In the current issue of The New York Review of Books (February 20, 2014) Frank Rich takes a look at and sums up the numerous books (140 +) and TV programs about JFK on the fiftieth-anniversary commemoration of his assassination. (By the way, Rich says, there have been approximately 40,000 books written on Kennedy.)
In his long essays (this is the NYreview of Books, after all) Rich writes about another new book that tries to cast JFK as a ‘conservative’ is JFK, Conservative by Ira Stoll.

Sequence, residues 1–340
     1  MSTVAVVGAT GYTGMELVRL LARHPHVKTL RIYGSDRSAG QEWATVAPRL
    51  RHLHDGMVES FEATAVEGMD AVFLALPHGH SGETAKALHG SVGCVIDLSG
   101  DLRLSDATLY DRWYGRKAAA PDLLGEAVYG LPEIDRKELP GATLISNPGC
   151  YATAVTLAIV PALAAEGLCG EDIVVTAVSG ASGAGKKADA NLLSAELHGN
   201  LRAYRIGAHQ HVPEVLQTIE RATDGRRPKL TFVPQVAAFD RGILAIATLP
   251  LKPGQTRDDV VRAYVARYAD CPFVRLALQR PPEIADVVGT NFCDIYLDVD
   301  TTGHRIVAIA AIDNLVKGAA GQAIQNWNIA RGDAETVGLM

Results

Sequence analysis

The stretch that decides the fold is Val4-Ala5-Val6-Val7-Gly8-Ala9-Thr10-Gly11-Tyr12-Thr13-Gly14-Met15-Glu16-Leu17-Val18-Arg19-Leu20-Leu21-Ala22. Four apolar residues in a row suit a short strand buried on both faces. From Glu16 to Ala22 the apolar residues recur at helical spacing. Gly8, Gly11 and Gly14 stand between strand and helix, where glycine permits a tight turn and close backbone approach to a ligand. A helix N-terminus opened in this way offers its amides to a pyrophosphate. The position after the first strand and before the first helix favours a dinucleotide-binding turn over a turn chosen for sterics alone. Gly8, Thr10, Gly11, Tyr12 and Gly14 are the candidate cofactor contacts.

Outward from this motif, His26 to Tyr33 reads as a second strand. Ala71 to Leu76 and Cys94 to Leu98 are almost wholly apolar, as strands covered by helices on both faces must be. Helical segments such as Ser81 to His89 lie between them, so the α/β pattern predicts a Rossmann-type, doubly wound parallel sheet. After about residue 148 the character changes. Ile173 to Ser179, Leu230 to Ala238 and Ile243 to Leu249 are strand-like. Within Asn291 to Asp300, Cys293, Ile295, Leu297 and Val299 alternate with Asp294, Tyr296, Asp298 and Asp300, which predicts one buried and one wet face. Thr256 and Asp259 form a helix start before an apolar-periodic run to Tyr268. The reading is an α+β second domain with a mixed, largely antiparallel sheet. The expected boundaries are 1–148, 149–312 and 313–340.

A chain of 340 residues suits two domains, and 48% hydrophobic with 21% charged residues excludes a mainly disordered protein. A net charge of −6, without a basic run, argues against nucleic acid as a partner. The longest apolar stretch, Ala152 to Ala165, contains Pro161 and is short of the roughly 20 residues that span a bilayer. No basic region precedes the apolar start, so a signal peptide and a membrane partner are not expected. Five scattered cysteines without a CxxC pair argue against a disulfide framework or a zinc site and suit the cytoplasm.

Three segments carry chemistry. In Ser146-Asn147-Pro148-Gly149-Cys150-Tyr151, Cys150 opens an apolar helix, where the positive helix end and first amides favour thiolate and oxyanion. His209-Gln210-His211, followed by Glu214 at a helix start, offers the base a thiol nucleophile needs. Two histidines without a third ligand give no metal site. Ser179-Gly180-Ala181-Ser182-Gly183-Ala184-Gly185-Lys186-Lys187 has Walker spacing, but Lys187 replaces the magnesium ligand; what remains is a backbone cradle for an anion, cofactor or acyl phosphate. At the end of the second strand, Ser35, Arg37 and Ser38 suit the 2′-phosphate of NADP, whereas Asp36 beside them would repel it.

Rich does battle with the book, but at once point he sums us Kennedy’s liberal bent and that brings the Peace Corps into focus. Here is the paragraph from Rich’s essay:
“What most endures about Kennedy is his inspirational sanctification of public service–as conveyed by his rhetoric, by specific programs (the Peace Corps), and by the example of much of his family’s subsequent careers in public and private life. Whether or not his presidency can be characterized as ‘great,’ that was a great things.”
This is just another example of how when the world remembers Kennedy for his “greatest” it is the Peace Corps that spring first to mind.